EU-Sponsoring

The dubious practice of Corporate Sponsorship of political institutions has to finally come to an end.

What is the problem?

If multinational companies are able to sponsor an EU institution, were does that leave democracy and transparency? This was the concern of foodwatch when it was revealed that Coca-Cola was sponsoring the Romanian Presidency of the EU in the first half of 2019. Corporates and their lobbying armies have a disproportionate influence on decision makers across Europe and steps towards more transparency in lobbying are very slowly being introduced in the European Parliament and the Commission. The Council of the European Union remains a black box and progress on citizens’ and consumers’ rights will be a harder battle if we cannot bring transparency into this institution.

What is the solution?

There needs to be clear and binding rules on Member States to not accept any sort of sponsorship from companies. If goods or services are needed for the EU Presidency, then they should be procured in the transparent procedures for the internal market. In addition there needs to be greater transparency in the lobbying practices of companies, in particular towards the Council and its structures.

What is foodwatch doing?

foodwatch submitted a complaint to the EU Ombudsman on the case of Coca-Cola and the Romanian Presidency in June 2019. One year later the Council has conceded that it has responsibility for the Presidency and that there can be reputational risk for the EU of taking sponsorship. The Ombudsman concluded that the Council of the EU has accepted her recommendation on guidance for the Member States on the issue of sponsorship of the Presidency. She urges the Council to follow-up on the issue without delay. Germany took over the EU Presidency from July 2020 and has committed to keep it free from sponsorship.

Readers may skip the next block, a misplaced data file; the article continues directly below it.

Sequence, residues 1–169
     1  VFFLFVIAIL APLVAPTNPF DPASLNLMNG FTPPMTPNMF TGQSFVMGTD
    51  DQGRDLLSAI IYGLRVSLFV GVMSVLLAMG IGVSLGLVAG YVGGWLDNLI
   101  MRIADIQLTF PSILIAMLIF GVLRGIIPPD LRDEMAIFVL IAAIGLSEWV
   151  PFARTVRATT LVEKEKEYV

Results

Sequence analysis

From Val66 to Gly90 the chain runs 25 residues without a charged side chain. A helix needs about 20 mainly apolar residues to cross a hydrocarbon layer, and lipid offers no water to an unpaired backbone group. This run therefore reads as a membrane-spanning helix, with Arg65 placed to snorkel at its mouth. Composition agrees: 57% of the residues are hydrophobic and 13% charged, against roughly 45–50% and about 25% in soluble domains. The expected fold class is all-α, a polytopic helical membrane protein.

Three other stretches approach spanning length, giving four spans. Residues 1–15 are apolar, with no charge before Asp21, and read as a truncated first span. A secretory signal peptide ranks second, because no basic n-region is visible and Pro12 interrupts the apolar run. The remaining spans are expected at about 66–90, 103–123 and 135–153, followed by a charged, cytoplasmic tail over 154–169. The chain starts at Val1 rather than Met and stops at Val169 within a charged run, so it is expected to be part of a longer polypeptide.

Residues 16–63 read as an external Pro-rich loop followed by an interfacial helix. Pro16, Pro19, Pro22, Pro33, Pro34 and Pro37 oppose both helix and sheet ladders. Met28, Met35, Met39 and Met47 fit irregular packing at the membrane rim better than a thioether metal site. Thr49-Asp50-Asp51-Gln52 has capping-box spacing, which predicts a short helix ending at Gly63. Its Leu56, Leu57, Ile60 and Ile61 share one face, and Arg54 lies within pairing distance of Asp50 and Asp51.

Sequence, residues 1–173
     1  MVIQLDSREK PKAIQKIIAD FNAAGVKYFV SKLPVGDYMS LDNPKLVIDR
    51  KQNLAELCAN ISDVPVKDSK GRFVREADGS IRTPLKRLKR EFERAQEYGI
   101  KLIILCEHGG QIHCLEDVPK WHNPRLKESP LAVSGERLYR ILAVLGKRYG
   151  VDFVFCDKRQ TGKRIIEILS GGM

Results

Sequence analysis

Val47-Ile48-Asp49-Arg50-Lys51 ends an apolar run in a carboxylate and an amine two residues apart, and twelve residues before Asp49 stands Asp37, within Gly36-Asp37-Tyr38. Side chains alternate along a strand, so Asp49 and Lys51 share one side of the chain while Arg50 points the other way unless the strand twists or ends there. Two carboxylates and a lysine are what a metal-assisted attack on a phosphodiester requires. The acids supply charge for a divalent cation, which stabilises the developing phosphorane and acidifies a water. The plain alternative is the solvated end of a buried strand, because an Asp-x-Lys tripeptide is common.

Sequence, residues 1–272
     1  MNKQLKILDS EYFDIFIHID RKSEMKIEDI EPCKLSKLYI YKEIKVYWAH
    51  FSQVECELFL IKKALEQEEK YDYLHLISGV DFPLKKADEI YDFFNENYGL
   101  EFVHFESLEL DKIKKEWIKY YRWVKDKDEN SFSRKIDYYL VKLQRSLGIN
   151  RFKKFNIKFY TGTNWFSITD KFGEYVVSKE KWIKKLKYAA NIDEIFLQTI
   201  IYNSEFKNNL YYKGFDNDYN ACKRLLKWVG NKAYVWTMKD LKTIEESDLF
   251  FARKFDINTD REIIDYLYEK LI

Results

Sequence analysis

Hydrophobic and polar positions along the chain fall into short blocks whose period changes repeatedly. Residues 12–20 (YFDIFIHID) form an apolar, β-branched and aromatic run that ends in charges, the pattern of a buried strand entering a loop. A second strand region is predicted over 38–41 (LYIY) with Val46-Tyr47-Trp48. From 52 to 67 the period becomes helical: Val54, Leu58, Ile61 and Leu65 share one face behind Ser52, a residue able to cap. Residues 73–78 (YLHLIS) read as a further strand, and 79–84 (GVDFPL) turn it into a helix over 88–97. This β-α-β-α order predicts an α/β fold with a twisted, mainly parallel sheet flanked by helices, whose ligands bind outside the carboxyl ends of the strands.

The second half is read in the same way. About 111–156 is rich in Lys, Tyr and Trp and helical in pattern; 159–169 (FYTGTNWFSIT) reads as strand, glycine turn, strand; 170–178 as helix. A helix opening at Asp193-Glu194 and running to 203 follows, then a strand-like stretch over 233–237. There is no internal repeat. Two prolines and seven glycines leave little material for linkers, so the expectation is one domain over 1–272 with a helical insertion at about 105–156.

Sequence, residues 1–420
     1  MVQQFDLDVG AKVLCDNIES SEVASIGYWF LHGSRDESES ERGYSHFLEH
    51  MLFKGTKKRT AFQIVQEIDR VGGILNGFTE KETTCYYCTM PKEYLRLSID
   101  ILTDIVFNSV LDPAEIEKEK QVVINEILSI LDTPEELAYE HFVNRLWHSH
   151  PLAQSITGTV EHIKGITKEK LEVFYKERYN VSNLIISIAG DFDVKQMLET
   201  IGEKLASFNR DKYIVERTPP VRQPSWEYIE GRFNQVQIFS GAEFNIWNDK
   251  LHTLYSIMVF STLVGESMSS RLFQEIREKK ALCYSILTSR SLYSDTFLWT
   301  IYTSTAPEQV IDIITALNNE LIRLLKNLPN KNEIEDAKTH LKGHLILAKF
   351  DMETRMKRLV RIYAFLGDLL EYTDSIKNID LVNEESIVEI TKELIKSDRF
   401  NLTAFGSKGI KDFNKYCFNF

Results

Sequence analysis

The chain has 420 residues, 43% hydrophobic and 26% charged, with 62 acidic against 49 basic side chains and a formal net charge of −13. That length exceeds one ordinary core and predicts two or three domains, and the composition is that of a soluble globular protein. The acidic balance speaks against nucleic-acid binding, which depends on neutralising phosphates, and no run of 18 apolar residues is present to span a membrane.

However the battle is not over, Member States want these sponsorship-guidelines to be advisory only, and some Member States (including France who will hold the Presidency in 2022) are firmly against any limitations on their ability to accept donations from corporates. foodwatch is watching closely and will continue to put pressure until corporate sponsoring of EU institutions is banned.

  • politics and law

***action closed*** The email campaign against the sponsoring of the Portuguese Presidency has ended. Many thanks to over 65,000 supporters! Unfortunately, we were not able to stop the sponsoring of the Portuguese Presidency with the e-mail campaign....

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